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Why Art in Hospitals?

Our vision at RVH is to make each life better, together. To achieve our vision, we must be committed to excellence every day, and that includes our art program, Art@RVH.

Working with artists, collectors, institutions and the cultural community, RVH promotes interaction and connection with art to support holistic health.

“Our patient-centred MY CARE philosophy is the focus of everything we do, including our desire to enrich, inspire and enliven our patients, visitors, employees and community through the display of original artwork throughout our facility and grounds. Our art collection shows a commitment to supporting the national and local arts communities. The emphasis on contemporary art cultivates an environment of creative excellence, encourages dialogue and challenges viewers to experience diverse points of view.”

Janice Skot, MHSc, CHE
President and CEO

Artwork top of page – Artist: Gavin Lynch, “California”, 2019, oil and acrylic on canvas, 48″ x 72″ (cropped image)

Did you Know?

Ongoing research has shown that having art in health care settings can provide the following benefits:

  • Supports patients in their physical, mental and emotional recovery
  • Relieves anxiety and decreases the perception of pain
  • Lowers blood pressure
  • Makes the health centre environment more welcoming
  • Connects the health centre to its community
  • Provides a welcome distraction for patients, staff, families and volunteers
  • Motivates patients to get out of bed and be active within the hospital

The Art Team

Wendy Sallows

Program Lead
Governance and Policy Lead

Frances Thomas, MFA

Curator and Art Collection Manager

Art@RVH Art Committee:

RVH is fortunate to have a committee of dedicated members including staff, patient advisors and arts professionals. The primary role of the Art Committee is to oversee the Art@RVH program including the review of all artwork acquisitions, donations and loans. The Art Committee supports activities that use art to enhance the quality of life at RVH.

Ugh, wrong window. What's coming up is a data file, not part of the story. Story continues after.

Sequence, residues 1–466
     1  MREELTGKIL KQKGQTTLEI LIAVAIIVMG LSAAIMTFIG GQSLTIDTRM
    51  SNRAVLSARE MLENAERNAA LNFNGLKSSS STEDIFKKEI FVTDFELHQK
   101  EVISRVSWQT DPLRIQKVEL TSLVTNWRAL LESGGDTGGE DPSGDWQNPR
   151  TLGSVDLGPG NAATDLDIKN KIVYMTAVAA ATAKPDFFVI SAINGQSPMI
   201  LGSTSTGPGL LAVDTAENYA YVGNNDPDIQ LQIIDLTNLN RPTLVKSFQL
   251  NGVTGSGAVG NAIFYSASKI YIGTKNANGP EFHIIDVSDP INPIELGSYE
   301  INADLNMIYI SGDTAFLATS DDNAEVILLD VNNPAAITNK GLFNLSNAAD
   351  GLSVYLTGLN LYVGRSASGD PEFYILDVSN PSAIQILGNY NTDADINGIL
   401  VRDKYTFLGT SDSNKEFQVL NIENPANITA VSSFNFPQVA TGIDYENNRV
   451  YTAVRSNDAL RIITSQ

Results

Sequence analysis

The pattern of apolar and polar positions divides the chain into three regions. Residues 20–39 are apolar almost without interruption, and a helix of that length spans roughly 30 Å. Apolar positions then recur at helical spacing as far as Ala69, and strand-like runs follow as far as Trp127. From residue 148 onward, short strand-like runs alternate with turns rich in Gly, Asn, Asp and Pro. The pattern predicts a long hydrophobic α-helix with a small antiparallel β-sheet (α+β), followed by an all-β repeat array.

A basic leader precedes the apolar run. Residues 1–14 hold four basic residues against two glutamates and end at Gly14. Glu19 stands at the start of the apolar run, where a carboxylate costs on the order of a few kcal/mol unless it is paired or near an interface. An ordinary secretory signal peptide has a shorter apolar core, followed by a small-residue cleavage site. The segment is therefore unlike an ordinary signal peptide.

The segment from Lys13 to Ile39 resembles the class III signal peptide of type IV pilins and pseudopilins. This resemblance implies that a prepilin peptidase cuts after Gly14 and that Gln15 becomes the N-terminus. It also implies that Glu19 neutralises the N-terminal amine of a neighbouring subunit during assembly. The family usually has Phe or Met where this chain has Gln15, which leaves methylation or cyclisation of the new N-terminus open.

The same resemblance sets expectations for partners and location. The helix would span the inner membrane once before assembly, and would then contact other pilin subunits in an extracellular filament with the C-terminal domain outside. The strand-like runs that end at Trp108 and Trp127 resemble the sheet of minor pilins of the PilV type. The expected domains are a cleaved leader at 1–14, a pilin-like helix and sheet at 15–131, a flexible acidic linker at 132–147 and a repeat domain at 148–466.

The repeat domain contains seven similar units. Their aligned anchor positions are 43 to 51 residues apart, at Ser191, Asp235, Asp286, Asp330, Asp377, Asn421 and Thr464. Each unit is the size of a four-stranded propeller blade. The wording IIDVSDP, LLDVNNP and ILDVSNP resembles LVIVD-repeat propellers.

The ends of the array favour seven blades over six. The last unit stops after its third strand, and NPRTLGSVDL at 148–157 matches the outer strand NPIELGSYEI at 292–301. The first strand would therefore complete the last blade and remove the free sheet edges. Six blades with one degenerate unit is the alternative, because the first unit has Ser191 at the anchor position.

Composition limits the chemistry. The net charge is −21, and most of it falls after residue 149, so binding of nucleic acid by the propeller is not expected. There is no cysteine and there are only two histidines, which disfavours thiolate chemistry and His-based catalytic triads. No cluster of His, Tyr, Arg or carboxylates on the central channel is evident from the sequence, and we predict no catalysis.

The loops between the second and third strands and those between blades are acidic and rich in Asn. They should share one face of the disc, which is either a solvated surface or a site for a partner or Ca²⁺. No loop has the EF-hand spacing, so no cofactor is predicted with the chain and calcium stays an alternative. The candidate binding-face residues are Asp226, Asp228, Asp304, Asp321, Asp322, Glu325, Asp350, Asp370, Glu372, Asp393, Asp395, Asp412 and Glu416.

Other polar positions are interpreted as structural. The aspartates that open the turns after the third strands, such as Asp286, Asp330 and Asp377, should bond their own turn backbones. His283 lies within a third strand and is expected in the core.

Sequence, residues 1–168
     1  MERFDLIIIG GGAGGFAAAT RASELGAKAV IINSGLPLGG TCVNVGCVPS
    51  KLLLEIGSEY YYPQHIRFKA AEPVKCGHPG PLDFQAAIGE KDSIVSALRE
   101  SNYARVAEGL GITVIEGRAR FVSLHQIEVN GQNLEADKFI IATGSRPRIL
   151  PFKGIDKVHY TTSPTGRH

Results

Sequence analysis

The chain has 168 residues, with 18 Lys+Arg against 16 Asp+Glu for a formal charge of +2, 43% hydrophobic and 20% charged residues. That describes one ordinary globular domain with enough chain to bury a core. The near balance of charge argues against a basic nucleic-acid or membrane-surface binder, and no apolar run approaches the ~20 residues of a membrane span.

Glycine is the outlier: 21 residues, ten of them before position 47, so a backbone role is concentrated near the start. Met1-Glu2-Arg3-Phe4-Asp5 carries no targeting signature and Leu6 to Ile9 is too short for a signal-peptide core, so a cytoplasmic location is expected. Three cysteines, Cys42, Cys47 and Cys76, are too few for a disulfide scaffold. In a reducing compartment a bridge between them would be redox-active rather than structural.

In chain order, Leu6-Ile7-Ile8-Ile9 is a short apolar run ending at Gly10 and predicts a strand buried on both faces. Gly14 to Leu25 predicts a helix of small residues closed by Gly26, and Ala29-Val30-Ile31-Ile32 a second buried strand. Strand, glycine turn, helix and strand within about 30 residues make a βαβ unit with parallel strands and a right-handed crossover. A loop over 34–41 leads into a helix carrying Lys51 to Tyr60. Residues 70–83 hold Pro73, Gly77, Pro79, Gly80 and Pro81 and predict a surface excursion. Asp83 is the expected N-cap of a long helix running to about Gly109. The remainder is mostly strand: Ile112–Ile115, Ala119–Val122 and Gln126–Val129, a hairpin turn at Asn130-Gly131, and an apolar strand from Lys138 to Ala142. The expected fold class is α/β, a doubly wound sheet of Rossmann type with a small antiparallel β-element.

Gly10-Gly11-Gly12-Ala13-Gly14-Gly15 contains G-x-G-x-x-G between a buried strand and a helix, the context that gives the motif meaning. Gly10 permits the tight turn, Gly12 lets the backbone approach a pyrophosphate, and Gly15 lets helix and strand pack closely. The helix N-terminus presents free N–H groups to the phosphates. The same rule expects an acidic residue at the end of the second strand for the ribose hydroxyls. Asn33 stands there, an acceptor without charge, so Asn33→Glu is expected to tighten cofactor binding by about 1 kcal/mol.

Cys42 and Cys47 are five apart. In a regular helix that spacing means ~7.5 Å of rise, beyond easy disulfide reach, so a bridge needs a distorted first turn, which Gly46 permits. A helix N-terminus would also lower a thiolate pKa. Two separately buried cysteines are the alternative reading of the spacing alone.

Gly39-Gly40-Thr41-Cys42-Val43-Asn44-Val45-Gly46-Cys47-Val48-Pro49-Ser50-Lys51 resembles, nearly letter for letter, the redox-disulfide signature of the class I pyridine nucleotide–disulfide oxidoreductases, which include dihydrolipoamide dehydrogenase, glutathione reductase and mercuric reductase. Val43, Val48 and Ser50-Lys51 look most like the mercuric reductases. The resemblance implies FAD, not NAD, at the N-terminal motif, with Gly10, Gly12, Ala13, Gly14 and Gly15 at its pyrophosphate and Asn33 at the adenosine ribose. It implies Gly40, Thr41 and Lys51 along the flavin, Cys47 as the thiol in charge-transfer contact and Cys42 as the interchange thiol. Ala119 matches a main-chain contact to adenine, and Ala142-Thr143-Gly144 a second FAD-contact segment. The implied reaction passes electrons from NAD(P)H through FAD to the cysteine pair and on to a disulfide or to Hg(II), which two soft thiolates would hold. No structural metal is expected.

“Nature: Guide to Recovery and Resiliency” is our most recent exhibition. We are pleased to present an exhibition from our permanent collection on the theme of nature across the seasons.

Artist: Gavin Lynch, “California”, 2019, oil and acrylic on canvas, 48″ x 72″ (cropped image)

“I think that I will never see/A poem as lovely as a tree,”  Joyce Kilmer wrote in a 1913 poem titled “Trees”. These lines reflect the common observation that it is difficult to make art that outshines nature.

And trees are prominent in this current exhibit that contains artworks by several
different Canadian artists including Anne Meredith Barry, April Hickox, Gavin Lynch,
Robert Paterson, Jill Price, Rod Prouse and The Birdbath Collaboration comprised of
Tanya Cunnington and Bewabon Shilling.

From April Hickox’s photograph of a beaver cutting found on Toronto Island, and Robert
Paterson’s snow-covered boughs, to Rod Prouse’s energetic flourishes depicting fall’s
bright colours, we are presented with the landscape, with nature as inspiration.

Aristotle wrote that the aim of art is to “represent not the outward appearance of
things, but their inward significance”. This exhibition is intended to be an invitation for
reflection on the significance of that which is not simply visual but also felt, as insight
into what is enduring and to find that within ourselves. As in nature, we can adapt to a
constantly changing environment. By working together, we can overcome considerable
disruption by collaborating in order to make improvements and recover, regardless
of the cause of that disruption. In fact, biological organisms have, over millennia,
been able to respond to significant change without planning, predicting or tying their
responses to complex threats. They are successful by adapting to solve the challenges
they continually face.

Frances Thomas, Curator

“Still Life and the Kitsch Souvenir“ is our most recent exhibition and includes original collaged prints by regional artist Timothy Laurin.

As a member of the Metis Nation, Laurin has been intrigued by the stereotypical depictions of First Nations people, specifically during the era of his upbringing which saw the proliferation of kitsch figurines. Many of these handmade ceramics were produced in post-war Japan. Aboriginal identity was trivialized in curios and knick-knacks for use as homewares and souvenirs in a rapidly expanding tourism market and interest in national symbolism. Thousands of these items are still in circulation so what are we to make of them today?